Sonic will be the first restaurant to pilot this technology, made by Mastercard and kiosk vendor Zivelo, at select U.S. locations later this year. "When we bring this into the live environment one of the things we definitely want to look at is ... app downloads and if this will drive additional utility. It is a key metric for ourselves and for Sonic," Stephane Wyper, Mastercard's SVP, new commerce partnerships, told Restaurant Dive.
Facial recognition kiosks
It may feel futuristic, but step up to PopID's self-order kiosk to pay with your face. After a one-time sign up with email, credit card number and facial scanning, customers can walk into a participating restaurant and flash their mug to see offers, order and pay with a stored payment method. The company’s technology can reduce order times to mere seconds and can be particularly useful for repeat customers because it also stores a customer's order history. Currently, PopID's facial recognition kiosks are deployed at chains, including CaliBurger, Deli Time and several restaurants on college campuses.
Robot bussers and food runners
When Bear Robotics founder and CEO John Ha was working at Google, he quit his job to open a restaurant. While he thought it would be fun, his experience was completely different than he originally thought.
"It was really physically exhausting and affected me mentally, especially when I was serving," Ha told Restaurant Dive. "My legs were tired. I had to walk five to nine miles a day … Often I was so tired I didn't want to be nice to the customer."
This experience compelled him to make an autonomous robot — Penny as she is dubbed — that could help bus tables and deliver food. The server can then focus on customer service since they would have more energy throughout the day, he said.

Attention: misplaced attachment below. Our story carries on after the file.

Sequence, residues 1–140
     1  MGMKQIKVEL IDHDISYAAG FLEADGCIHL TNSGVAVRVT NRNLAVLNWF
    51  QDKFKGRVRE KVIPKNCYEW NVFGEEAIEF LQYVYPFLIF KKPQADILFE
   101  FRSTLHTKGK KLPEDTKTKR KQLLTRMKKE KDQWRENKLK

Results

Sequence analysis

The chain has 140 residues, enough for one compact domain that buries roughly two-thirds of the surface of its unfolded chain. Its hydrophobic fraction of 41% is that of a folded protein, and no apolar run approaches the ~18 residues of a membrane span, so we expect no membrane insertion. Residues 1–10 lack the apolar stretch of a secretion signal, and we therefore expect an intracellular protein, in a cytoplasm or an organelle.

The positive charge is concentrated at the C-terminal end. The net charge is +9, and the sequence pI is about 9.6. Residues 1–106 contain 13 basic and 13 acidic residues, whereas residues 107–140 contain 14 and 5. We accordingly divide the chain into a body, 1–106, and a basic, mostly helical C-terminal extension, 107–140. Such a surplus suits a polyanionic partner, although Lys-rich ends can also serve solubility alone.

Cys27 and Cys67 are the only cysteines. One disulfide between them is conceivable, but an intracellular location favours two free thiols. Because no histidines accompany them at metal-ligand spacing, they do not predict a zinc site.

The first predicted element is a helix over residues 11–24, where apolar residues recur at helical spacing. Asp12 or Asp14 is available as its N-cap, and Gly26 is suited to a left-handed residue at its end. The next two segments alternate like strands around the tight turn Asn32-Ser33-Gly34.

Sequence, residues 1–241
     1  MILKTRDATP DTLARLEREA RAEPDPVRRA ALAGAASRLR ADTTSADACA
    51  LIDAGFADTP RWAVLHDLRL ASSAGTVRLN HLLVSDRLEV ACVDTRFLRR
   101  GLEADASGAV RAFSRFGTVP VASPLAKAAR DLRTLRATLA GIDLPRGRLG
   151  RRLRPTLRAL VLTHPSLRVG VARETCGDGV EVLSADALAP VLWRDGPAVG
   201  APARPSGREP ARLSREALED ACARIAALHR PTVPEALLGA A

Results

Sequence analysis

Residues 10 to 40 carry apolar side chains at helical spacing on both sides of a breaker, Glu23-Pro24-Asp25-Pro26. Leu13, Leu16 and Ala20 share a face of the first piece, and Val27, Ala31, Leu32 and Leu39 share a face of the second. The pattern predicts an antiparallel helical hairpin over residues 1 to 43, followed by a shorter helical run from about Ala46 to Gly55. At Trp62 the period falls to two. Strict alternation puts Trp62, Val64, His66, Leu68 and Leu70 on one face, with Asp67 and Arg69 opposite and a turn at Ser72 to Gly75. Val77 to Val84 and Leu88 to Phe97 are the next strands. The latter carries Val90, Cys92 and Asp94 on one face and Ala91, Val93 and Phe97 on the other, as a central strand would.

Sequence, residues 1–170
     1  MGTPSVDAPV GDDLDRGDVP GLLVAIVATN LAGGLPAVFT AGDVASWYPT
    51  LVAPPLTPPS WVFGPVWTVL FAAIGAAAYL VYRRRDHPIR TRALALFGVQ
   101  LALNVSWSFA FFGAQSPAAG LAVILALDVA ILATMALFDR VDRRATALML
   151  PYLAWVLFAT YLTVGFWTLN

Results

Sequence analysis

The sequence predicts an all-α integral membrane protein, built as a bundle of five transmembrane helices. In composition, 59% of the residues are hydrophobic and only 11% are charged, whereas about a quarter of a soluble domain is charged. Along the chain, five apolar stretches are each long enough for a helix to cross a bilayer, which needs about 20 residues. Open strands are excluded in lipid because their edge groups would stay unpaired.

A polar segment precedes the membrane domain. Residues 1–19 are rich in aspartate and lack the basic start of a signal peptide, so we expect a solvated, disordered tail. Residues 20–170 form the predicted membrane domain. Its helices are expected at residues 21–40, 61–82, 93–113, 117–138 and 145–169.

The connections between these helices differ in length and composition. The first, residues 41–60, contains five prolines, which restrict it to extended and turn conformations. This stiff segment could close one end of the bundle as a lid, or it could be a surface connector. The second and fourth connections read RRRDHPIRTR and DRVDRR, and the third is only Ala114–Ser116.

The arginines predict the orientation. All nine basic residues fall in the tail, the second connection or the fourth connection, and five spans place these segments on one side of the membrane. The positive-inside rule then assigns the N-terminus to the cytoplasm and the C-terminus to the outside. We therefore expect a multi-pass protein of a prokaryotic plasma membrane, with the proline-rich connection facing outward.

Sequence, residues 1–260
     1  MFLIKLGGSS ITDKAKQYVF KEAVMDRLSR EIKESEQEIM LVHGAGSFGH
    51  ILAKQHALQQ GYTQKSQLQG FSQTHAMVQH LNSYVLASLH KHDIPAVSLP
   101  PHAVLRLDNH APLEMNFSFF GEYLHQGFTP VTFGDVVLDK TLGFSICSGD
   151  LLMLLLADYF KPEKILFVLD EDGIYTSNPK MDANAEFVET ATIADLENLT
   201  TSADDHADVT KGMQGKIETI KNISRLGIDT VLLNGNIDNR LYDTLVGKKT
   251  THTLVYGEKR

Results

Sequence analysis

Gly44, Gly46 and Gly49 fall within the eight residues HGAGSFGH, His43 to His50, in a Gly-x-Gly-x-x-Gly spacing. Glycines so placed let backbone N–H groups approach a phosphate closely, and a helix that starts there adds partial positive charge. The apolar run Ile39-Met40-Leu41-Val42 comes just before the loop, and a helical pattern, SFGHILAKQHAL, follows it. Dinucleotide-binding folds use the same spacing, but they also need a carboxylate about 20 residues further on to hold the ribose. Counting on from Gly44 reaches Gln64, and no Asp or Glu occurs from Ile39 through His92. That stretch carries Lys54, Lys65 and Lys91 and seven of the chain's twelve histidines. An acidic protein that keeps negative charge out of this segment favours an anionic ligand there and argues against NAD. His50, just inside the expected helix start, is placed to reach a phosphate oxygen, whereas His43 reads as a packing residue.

The technology works similar to a self-driving vehicle where it goes on a set path. If a person crosses into Penny's path, it will stop and find another way around the obstruction. The robot isn't meant to replace waitstaff, only to enhance the service, which Ha saw at his own restaurant.
After deploying Penny at his restaurant, the tip rate went up and revenues increased 30%. Ha said he has deals in the works to bring the robot to big corporate franchises and hotel chains.
SevenRooms' Alexa voice command system
"Alexa, how are we doing tonight?"
"Alexa, who is at table seven?"
SevenRooms' newest product leverages Amazon's investment in the company with the addition of voice automation. Instead of tapping through a tablet to view reservations or sales numbers, staff can access SevenRooms' platform via Alexa on their smartphones.
The company also showcased smart glasses that have voice activation capabilities, allowing staff to roam around a restaurant floor freely. This capability could be a differentiator among other technology companies that offer similar restaurant management software, especially since the restaurant segment is still in the early days of experimenting with voice automation.